Anytime a patient is required to — or elects to — have surgery, there are always risks involved. Some surgeries, however, carry with them a higher risk due to the difficulty of the procedure, the importance of the organ and the part of the body being operated on.
Thanks to the skilled medical professionals who perform these surgeries, along with advanced medical technologies, mortality rates and complications have been significantly reduced. But despite ongoing medical advancements, there are still procedures that present high risk for complications during the procedure or recovery period.
Here’s a list of the 10 riskiest medical procedures:
10. Bariatric surgeries/Gastric yypass
As with many other major surgeries, there are risks that patients take when electing to undergo them, but these patients’ excessive weight poses even more threats. Surgeons have a harder time operating and must use special instruments because internal organs are often hard to separate and have may layers of slippery fat surrounding them. These patients also have an increased risk for complications with anesthesia, because it’s often difficult to insert the tube into their airways, and drugs or anesthetic gases may need to be given in higher dosages because they are easily absorbed by fat. Breathing must also be closely monitored before, during and after the surgery, as these patients have a higher risk of developing of pneumonia.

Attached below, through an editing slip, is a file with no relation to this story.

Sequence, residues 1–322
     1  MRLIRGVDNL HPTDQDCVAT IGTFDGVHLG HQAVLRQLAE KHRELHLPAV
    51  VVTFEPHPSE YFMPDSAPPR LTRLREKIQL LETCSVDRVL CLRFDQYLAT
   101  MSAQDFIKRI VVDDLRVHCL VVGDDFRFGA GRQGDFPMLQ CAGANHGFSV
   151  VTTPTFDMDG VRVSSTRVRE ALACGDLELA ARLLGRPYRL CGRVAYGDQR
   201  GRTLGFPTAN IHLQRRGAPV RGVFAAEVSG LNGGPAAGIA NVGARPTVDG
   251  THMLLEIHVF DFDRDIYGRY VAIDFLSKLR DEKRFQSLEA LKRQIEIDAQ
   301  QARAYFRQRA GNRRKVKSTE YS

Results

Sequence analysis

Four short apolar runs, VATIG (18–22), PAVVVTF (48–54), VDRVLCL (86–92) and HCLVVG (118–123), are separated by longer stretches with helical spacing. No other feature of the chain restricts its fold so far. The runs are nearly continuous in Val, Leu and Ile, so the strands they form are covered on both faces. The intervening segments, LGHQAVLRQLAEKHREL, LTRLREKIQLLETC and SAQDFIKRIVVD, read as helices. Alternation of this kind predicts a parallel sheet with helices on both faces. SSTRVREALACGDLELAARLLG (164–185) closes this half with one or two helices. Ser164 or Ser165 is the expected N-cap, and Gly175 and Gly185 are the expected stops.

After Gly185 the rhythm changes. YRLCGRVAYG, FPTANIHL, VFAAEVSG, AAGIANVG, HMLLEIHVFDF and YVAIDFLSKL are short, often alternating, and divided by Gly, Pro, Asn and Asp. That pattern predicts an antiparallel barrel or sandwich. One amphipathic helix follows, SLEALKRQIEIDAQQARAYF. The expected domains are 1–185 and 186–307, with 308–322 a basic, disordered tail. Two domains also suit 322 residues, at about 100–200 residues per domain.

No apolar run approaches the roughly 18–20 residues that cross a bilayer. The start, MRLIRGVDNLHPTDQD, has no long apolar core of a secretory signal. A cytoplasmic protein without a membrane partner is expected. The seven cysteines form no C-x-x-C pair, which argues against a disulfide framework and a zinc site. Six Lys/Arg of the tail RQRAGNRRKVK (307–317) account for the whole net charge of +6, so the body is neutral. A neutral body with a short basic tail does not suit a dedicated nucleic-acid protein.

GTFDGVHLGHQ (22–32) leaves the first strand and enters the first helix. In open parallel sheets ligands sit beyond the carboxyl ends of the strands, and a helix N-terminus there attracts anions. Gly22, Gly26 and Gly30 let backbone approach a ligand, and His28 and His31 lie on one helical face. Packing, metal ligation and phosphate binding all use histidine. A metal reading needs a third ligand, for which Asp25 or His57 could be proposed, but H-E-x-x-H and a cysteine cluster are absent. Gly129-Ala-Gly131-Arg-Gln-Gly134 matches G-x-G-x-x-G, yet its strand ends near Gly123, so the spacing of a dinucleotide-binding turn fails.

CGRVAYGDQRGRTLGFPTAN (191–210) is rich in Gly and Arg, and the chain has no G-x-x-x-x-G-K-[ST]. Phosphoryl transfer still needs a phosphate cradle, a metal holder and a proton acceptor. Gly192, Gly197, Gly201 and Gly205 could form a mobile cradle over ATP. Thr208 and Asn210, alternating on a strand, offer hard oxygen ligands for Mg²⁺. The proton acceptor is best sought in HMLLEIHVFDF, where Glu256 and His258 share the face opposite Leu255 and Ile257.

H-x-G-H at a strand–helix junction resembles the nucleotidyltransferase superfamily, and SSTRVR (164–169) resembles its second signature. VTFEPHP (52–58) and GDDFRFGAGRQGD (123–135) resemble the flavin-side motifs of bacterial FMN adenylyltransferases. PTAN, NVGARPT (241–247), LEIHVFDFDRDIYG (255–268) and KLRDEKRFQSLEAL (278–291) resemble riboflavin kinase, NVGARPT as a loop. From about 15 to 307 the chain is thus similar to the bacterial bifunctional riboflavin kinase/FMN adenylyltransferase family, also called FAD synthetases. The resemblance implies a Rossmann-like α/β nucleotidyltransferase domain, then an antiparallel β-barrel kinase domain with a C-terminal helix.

9. Septal Myotomy
This surgical procedure is performed to reduce the thickening of the heart muscles, a symptom of patients diagnosed with advanced stages of a complex type of heart disease called hypertrophic cardiomyopathy (HCM). This is a complicated procedure because it requires the patient to be placed on cardiopulminary bypass, or the “heart-lung machine”, so that the surgeon can work on a still heart. In total, this surgery can last anywhere from 3 to 6 hours, and the recovery period requires a stay in the Intensive Care Unit.
This procedure comes along with a fairly high risk of complications. In fact, a Johns Hopkins study documented complications in 41% of pancreatectomy cases. These include serious problems like post-operative bleeding, delayed gastric emptying — a condition in which food and liquids are slow to leave the stomach — internal anastomatic leaking. The good news is that in recent years, the mortality rate for this procedure has decreased to a range of 5-10%.
7. Thoracic Aortic Dissection Repair
Aortic dissection, or a tear in the innermost layer of the heart, can trigger a number of high-risk complications like heart failure, stroke or even a rupture of the aorta, making its repair vital to the survival of the patient. Immediate treatment is required and this often results in the surgeon removing the area of dissected aorta and rebuilding the blood vessel with a synthetic graft.